“Because people do not have a culture but inhabit one, they are never free agents capable of transcending their situation,” Yorks writes in his paper “Cross-Cultural Dimensions of Team Learning.”

Yorks asks his TC students to weigh conflicting advice in their own jobs and apply strategic tools and practices to learn from uncertainty. He also challenges organizations to navigate complexity. In his 2013 book, Strategic IT: Best Practices for Managers and Executives, Yorks and coauthor Arthur M. Langer urge chief information officers to strategically deploy technology by building collaborative alliances organization-wide. In their award-winning paper, “The Role of Reflective Practices in Building Social Practices in Organizations,” Yorks and his former student Yoshie Tomozumi Nakamura (Ed.D. ’10) argue that forming these social networks requires employees to connect with colleagues with diverse backgrounds and viewpoints.

In their recent paper, “Do I Really Know You? Do You Really Know Me? Empathy Amid Diversity in Different Learning Contexts,” Yorks and Elizabeth Kasl argue that intellectual understanding from an “effortful, top-down process” can’t alone bridge such differences. The two champion building an empathic understanding of others through “presentational knowing” — sharing one’s perspective through storytelling and other expressive forms. 

That’s an idea that even 20th century folks can appreciate.

Siddhartha Mitter

 

Youth Gun Violence: Many Causes, No Magic Bullet   

 

Gun violence by youth makes headlines but is difficult to research. There’s little funding, and rhetoric from the gun-control debate hampers formulating evidence-based research hypotheses about causes and prevention. 

 
“The conversation should be about what teachers can do in conjunction with others to support these youth in crisis.”   
—Sonali Rajan, Assistant Professor of Health Education 

The result, says Sonali Rajan, Assistant Professor of Health Education: We tend to fall back on conclusions unsupported by evidence. Take the oft-cited idea that young people who commit gun violence are mentally ill. Mining a massive federal database, Rajan and Kelly Ruggles, an Assistant Professor at NYU Langone Medical Center, found that among the 5 to 10 percent of American teens who report regularly carrying a firearm, there is a much stronger association with substance use, engagement in physical fighting and exposure to sexual violence than with any poor mental health indicator. In fact, mentally ill teens are likelier to be victims than perpetrators of violence. The study, published in PLOS ONE in 2014, found no association between screen time (including video game use) and firearm possession.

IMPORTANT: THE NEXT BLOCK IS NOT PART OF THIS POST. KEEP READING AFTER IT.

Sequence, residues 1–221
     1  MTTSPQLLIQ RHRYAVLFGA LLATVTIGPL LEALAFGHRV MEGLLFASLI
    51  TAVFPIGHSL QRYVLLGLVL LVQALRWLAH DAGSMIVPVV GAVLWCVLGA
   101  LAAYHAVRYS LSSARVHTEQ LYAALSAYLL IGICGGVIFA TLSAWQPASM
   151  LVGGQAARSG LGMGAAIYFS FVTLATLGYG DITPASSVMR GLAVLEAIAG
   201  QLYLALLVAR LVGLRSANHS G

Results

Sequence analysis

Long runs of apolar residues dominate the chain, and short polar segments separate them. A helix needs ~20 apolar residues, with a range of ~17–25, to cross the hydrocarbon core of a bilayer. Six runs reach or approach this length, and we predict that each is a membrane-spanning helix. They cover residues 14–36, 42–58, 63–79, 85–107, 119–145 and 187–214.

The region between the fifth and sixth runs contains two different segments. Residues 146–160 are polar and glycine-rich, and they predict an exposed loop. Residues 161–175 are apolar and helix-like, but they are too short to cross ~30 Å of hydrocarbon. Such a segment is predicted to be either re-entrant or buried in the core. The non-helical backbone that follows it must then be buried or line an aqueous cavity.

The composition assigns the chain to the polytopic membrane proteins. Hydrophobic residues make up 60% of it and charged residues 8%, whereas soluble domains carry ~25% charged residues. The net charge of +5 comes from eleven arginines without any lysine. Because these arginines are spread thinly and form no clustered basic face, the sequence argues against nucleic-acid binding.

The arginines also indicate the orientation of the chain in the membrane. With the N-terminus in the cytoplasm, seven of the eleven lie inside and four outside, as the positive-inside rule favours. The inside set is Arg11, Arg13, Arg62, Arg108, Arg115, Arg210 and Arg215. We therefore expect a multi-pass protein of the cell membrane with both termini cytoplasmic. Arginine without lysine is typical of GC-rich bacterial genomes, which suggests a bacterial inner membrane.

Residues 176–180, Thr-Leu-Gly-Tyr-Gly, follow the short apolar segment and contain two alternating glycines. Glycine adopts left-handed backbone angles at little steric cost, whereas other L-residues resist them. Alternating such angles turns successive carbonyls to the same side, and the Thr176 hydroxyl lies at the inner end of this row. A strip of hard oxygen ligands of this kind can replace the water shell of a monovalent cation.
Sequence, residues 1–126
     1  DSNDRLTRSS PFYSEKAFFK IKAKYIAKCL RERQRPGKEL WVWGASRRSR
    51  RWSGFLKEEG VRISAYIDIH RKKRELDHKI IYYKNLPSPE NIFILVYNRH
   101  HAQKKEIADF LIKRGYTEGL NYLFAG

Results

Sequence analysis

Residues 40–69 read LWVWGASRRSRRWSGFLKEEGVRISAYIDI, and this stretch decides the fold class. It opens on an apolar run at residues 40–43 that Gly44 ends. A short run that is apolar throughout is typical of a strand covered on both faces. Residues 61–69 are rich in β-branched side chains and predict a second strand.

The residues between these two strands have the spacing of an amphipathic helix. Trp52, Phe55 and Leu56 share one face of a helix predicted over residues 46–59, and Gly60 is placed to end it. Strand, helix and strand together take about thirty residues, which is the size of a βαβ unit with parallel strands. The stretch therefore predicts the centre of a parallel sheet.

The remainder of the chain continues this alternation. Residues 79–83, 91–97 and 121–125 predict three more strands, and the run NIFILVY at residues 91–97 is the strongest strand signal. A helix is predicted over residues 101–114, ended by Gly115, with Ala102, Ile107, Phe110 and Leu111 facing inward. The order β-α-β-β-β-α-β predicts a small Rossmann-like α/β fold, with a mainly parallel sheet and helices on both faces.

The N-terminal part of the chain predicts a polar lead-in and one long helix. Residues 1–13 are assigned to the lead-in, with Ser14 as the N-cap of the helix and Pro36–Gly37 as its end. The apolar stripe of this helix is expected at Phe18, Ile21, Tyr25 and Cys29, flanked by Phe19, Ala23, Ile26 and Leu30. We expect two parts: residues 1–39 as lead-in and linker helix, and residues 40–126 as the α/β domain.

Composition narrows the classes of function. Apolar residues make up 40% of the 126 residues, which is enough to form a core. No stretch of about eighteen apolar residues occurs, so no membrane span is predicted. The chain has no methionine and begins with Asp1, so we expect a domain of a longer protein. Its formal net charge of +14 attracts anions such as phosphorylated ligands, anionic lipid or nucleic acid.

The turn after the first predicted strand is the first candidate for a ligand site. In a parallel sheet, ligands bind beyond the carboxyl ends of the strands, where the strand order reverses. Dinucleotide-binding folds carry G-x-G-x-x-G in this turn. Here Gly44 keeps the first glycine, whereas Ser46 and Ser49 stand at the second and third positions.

Rajan (Ed.D. ’10), who received TC’s 2015 Strage Junior Faculty Prize (established by TC alumna Alberta Strage and her husband, Henry), believes steps can be taken on gun violence despite political gridlock.

For example, while schools increasingly budget for security to deal with “active shooter” situations, Rajan argues for prevention focused on student behaviors. In a forthcoming paper, she and Ruggles delve deeper into substance use and abuse, prevention of which they believe should be integrated with efforts to address violence. “If we asked a student who is coping by engaging in regular substance use, ‘What else is happening?’ the prevention of firearm-related violence could be a matter of schools and communities…providing additional and more comprehensive support.” 

Now Rajan is distilling current knowledge about violence prevention programs.

“The conversation should be about what teachers can do in conjunction with others — principals, psychologists, guidance counselors, parents, community members — to support these youth in crisis,” she says. “That conversation would do wonders.”

—Siddhartha Mitter